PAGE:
You sigh, and the little purple flowers nod in the breeze.
“I used to have a ship, you know,” the old man says. He sighs heavily and stares across the water to the brightly-painted war vessel. “Nothing fancy like this ‘un mind, but she knew what she was doing out there. Aye, that she did.”
You grunt an indifferent response, eyes fixed on the approaching craft. You pat the left breast of your doublet, satisfied by the slight scrunch of parchment – the papers that will grant you a new start, another chance at glory.
“You’ll be off after the French then, will you?” the old man tried again. “Light some powder under their arses and show ’em what’s what, eh?” He chuckled to himself. “Well that’s a fine thing, I suppose.”
You wish the old sot would find some other seafarer to bother and leave you to your thoughts, but he persists.
“It won’t be a long life, mind. Never is. They all find their way to the bottom in the end. Boats, that is. An’ if you’re lucky, they’ll take you down with them.”
At this you tear your glance away from the incoming ship, irked. “If you’re unlucky, you mean,”
The old seadog grins showing stubs of brown teeth, and holds his palms out to either side as if to present himself.
“Look at me, lad,” he cackled. “Do I look like one of the lucky ones to you?”
You shift awkwardly, taking in the man’s haggard physique and straggly hair, a shirt that’s seen better days and battered leather boots. At his side hangs a sword, incongruous with his shabby appearance. An elegant basket of crossed black bars encloses a gold-patterned lining, crested by a large segmented pommel.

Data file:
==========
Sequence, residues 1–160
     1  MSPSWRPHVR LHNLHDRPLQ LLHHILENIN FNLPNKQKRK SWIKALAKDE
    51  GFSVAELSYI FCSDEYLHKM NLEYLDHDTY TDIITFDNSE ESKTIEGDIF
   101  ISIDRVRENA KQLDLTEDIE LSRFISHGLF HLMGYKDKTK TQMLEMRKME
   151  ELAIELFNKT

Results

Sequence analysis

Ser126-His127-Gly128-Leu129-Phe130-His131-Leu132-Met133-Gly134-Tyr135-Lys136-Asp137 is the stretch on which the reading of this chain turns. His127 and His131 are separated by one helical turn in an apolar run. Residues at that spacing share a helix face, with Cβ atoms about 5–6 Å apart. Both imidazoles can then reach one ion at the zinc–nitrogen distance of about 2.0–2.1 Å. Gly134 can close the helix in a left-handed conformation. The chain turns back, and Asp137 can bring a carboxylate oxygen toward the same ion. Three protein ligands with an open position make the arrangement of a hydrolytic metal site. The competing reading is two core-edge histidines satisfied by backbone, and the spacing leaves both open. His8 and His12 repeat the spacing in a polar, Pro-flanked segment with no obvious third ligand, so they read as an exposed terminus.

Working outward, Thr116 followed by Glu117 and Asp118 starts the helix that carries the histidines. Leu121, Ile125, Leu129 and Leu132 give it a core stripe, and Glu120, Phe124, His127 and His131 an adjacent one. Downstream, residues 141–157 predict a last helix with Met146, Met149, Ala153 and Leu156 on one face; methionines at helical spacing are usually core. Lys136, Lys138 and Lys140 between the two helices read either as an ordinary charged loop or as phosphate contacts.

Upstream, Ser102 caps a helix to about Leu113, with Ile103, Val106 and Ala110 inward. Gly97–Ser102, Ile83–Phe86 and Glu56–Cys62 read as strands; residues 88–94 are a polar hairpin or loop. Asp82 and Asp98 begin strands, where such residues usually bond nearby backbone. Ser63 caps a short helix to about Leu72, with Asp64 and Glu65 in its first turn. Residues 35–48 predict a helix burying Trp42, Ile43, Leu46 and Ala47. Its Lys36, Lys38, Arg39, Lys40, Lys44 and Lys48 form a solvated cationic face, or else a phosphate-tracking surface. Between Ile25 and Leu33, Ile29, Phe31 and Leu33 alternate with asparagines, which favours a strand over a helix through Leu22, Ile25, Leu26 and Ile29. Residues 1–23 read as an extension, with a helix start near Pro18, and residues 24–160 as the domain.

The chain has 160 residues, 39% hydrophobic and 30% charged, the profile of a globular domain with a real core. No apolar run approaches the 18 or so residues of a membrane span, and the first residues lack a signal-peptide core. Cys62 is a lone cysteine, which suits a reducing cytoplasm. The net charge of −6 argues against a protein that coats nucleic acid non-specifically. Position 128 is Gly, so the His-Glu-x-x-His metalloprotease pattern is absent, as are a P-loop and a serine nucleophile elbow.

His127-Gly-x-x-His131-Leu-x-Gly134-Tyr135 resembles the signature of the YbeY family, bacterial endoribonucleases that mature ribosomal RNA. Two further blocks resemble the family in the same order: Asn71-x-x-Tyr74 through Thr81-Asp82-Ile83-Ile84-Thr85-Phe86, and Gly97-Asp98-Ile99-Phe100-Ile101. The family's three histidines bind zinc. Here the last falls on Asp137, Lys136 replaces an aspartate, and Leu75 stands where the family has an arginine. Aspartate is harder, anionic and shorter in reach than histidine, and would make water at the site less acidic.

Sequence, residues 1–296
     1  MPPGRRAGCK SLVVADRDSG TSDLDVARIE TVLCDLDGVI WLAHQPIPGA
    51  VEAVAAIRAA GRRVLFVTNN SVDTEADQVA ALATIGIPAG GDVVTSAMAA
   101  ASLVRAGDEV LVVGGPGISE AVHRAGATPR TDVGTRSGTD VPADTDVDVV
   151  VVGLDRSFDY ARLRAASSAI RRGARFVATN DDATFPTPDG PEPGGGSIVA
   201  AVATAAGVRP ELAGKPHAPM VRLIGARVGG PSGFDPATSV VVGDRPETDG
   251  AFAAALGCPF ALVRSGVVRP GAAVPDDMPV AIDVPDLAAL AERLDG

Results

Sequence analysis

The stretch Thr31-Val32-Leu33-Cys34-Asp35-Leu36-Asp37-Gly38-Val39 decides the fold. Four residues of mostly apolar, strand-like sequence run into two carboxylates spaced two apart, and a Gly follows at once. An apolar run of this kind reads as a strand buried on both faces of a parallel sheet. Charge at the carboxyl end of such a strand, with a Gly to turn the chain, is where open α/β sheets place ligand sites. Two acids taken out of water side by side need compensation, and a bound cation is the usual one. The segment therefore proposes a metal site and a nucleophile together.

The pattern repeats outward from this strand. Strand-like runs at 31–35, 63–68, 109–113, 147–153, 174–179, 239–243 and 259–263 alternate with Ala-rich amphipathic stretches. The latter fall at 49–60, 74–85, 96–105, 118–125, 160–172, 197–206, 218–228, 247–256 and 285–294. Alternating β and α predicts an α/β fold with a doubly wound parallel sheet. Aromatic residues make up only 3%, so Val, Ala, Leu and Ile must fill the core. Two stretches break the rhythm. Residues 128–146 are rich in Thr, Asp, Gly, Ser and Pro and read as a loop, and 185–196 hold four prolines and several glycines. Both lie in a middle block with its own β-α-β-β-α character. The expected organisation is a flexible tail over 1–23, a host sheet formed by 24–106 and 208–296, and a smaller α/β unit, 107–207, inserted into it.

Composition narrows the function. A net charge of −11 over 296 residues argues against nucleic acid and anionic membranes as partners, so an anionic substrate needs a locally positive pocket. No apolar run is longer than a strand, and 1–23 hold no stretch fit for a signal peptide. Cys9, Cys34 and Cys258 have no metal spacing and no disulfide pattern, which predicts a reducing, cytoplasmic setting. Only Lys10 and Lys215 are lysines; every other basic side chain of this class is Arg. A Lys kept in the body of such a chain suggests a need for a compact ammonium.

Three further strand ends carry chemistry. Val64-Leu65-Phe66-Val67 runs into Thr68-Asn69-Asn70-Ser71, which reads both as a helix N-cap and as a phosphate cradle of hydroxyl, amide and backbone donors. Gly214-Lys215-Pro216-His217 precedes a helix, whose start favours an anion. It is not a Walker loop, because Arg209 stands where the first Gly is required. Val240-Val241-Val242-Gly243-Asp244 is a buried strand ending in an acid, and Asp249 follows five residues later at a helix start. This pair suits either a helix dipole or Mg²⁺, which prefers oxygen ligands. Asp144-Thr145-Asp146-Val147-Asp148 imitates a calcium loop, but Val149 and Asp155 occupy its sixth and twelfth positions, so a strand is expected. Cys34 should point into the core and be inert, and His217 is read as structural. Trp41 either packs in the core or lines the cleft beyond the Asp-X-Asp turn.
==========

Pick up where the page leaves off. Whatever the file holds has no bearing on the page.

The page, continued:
He sees you staring, and his hand flies to the hilt. Slowly, so as not to cause alarm, he draws the weapon and holds it out to you.
“You looking at this? Ah, she was never mine to keep either. May as well send her back to the sea. Go on, go on, take her! And may she bring you better fortune!”
Wide-eyed you reach for the brown leather grip, barely daring to believe your luck.
“They all find their way to the bottom, you know,” the old man repeated. And then he was gone, lost in the burgeoning crowd, leaving you dumbfounded, a sword in your hand, and a ship on your horizon.
Shoulders back. Feet together. Eyes forward. Crush the nervous urge to giggle. Breathe.
You thought this morning would never come – the first day of your long-fabled training. But even here, heart pounding in the dusty yard as the master at arms and his squire approach, you hardly dare believe it.
The master is stern-faced and solidly built, steely hair cropped short and blue eyes sparkling beneath a heavy brow. As he strides toward you, he reaches to his side and – with the utmost elegance – draws a slender sword. It is all you can do to keep your mouth from dropping open in astonishment as he holds it out for your appraisal.
Never did you imagine you’d wield such a thing of beauty – and so soon as well! Its brass disc pommel gleams in the afternoon sun, and the motto engraved into its long, narrow blade seems to speak to you directly. Uncertain yet enthralled, you reach out a hand to receive the stately sword.
At this, the master gives a short barking laugh. You raise your eyes to meet his, and find their mirth not unkind.
“One day, perhaps,” he says, returning the blade to its sheath. “If you work hard. A sword such as this one is not for the uninitiated.”
Cursing yourself for your eager folly, you glare at your shoes and begrudgingly accept the blunt, rusted weapon offered to you by the squire.